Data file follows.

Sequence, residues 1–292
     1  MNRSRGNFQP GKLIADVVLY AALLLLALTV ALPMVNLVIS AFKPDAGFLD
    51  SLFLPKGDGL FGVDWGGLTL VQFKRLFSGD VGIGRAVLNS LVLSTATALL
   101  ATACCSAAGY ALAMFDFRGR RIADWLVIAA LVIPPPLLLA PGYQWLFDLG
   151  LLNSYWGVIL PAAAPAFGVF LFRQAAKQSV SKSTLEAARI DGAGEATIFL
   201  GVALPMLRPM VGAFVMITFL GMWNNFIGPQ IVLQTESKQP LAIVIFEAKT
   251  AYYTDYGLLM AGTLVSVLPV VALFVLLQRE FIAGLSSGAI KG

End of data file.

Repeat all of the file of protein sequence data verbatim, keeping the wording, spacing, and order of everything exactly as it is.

Sequence, residues 1–292
     1  MNRSRGNFQP GKLIADVVLY AALLLLALTV ALPMVNLVIS AFKPDAGFLD
    51  SLFLPKGDGL FGVDWGGLTL VQFKRLFSGD VGIGRAVLNS LVLSTATALL
   101  ATACCSAAGY ALAMFDFRGR RIADWLVIAA LVIPPPLLLA PGYQWLFDLG
   151  LLNSYWGVIL PAAAPAFGVF LFRQAAKQSV SKSTLEAARI DGAGEATIFL
   201  GVALPMLRPM VGAFVMITFL GMWNNFIGPQ IVLQTESKQP LAIVIFEAKT
   251  AYYTDYGLLM AGTLVSVLPV VALFVLLQRE FIAGLSSGAI KG